“Someone call 911!”
I was in line at the post office last week when I heard this.
I’d left my phone in my truck. The person next to me was dialing. Now, I’m not an EMT or anything, but I was a lifeguard for many years. I looked around at the disorientation and panic on people’s faces. This one was scared. That one was biting their own hand with their eyes wide. Another dissociated, staring at the ceiling like we were in an elevator. The clerk pretended nothing happened. “Not my job, and help is on the way,” their face seemed to say.
I was probably the most qualified person in the room to help.
But I was also in a hurry. I had an appointment to get to, and I was already on the verge of late. I walked to the adjacent room of post office boxes. An elderly woman had apparently fallen, and two people were making her comfortable on the floor. She was conscious, talking, and said she was fine. I heard the ambulance siren, maybe five minutes away.
“She’s okay. Nothing to do here,” I told myself. I walked back to the counter, did what I needed to, and left. It took me about ten minutes to regret it, and realize my irresponsibility.
She could have been bleeding, which I could have controlled, or more likely she could have had a spinal injury, which I could have stabilized. But I didn’t bother to find out because I was in a hurry.
That didn’t fit with my values. The right thing to do was to determine who the most qualified person in the room was to help, and if that was me, to take charge of the situation, and do an actual interview and a head-to-toe exam. If I discovered, for example, that she was diabetic, forgot to take her insulin, and she went into a coma before the paramedics arrived, passing that information on could save her life.
And since the de facto “first responder” said, “Someone call 911,” I already knew they had no training. One of the first things you learn in emergency medicine is that you point at a specific person and make sure they do it. “You! Call 911!” You don’t leave it to chance.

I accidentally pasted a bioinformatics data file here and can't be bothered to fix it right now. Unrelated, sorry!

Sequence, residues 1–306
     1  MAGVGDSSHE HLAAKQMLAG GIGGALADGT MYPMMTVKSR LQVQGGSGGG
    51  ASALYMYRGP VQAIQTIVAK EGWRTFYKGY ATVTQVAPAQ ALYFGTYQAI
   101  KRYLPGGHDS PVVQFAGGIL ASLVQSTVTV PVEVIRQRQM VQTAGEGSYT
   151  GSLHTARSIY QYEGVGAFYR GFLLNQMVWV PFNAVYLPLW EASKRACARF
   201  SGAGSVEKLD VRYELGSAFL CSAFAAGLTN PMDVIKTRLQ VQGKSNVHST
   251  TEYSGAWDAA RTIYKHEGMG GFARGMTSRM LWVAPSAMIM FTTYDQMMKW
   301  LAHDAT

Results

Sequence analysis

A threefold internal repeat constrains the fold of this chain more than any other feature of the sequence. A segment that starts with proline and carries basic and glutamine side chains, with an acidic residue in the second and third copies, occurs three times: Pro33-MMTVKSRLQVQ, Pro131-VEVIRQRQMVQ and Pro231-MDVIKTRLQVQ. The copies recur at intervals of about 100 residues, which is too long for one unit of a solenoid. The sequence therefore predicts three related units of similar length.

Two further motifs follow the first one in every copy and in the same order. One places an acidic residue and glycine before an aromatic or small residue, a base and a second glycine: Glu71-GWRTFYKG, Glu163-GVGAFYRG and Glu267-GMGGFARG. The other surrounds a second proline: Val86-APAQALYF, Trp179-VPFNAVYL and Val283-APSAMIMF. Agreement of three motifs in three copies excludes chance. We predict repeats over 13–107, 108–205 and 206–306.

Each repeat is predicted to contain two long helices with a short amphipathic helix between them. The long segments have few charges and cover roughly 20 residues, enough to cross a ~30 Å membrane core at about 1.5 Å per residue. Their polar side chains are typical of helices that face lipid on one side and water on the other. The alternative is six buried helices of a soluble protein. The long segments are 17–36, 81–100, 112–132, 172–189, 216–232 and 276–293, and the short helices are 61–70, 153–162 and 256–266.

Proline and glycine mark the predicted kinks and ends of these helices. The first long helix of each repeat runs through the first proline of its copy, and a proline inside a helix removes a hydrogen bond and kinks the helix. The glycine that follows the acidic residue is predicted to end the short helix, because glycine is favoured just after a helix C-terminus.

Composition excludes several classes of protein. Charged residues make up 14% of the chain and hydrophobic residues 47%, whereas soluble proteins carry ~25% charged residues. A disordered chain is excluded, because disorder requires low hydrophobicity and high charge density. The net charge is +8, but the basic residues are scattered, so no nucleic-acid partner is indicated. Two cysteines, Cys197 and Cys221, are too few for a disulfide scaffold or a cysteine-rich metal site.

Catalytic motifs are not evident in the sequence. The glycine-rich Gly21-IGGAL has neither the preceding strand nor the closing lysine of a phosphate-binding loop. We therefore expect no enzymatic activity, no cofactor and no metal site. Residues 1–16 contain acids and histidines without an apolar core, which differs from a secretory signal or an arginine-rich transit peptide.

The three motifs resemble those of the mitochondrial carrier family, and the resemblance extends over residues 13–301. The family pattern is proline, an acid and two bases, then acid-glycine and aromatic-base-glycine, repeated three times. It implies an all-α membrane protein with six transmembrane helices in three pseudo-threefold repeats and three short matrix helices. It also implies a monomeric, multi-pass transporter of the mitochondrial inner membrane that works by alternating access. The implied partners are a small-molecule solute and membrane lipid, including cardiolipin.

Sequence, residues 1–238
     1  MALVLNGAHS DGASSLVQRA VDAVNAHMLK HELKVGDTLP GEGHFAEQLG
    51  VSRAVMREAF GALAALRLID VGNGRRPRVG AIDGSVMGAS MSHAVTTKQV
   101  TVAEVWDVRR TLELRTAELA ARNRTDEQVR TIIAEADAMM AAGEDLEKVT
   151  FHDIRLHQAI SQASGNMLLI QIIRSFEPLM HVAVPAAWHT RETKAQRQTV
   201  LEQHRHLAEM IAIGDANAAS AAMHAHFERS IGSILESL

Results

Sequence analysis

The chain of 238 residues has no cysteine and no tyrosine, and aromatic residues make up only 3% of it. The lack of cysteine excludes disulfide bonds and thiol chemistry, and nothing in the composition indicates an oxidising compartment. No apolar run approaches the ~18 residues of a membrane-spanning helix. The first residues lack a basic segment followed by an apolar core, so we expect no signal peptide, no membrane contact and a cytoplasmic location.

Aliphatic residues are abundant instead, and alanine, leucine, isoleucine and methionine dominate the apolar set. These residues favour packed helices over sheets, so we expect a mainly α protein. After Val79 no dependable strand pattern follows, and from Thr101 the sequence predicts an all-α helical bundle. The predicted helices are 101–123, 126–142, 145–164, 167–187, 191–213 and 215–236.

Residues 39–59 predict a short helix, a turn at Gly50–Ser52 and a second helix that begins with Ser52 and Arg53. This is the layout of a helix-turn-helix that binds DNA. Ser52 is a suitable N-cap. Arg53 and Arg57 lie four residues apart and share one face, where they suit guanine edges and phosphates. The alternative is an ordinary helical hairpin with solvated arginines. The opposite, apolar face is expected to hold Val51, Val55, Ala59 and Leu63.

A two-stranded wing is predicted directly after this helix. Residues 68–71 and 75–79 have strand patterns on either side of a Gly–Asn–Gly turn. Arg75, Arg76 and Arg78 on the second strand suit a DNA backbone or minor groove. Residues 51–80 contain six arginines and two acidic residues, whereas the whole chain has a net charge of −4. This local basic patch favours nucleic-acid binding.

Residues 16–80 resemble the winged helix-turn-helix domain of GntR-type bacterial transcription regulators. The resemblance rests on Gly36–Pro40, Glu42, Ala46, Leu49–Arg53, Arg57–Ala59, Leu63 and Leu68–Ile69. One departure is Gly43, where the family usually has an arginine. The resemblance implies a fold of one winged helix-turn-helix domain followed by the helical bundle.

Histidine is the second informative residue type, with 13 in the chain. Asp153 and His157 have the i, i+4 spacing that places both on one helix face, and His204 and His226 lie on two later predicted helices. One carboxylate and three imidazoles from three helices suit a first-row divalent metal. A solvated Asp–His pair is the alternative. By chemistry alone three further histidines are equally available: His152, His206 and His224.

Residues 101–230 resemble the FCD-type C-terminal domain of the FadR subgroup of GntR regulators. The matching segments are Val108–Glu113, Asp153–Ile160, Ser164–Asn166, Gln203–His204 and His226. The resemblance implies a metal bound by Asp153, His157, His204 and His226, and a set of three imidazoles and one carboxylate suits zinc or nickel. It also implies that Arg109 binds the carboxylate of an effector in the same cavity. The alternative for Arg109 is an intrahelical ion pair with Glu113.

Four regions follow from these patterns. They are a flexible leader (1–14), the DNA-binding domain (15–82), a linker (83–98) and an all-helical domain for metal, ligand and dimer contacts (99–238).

I was filled with regret. When something like this happens, most people see two choices: you can beat yourself up, or you can dismiss it like it doesn’t matter. But there’s a third option: you can get curious about what happened and look for a lesson. That took about an hour, and it led me to a couple questions:
“Where else do I not express care and compassion as much as I feel inside myself?” “Where else do I shrink from my own power in the world?” These questions were fruitful to ask, and though the post-office moment had passed, the inquiry empowered me to make some changes in situations that were still before me.
There’s no such thing as failure if you don’t lose the lesson. (Click to Tweet)
Our childhood conditioning typically teaches us to frame our behavior in terms of right and wrong, without much curiosity to learn. When you do something wrong, you’re supposed to say you’re sorry and not do it again. We don’t usually get support to actually unpack what happened and learn from the mistake (which is what empowers you not to do it again), even though we’re told that we ought to learn.
If you want to learn from your mistakes the first time you make them, consider becoming a Clear and Open Member. It’s likely no one gave you the tools to do this. As much as we all intend to improve, the intention without the tools is a slow journey indeed.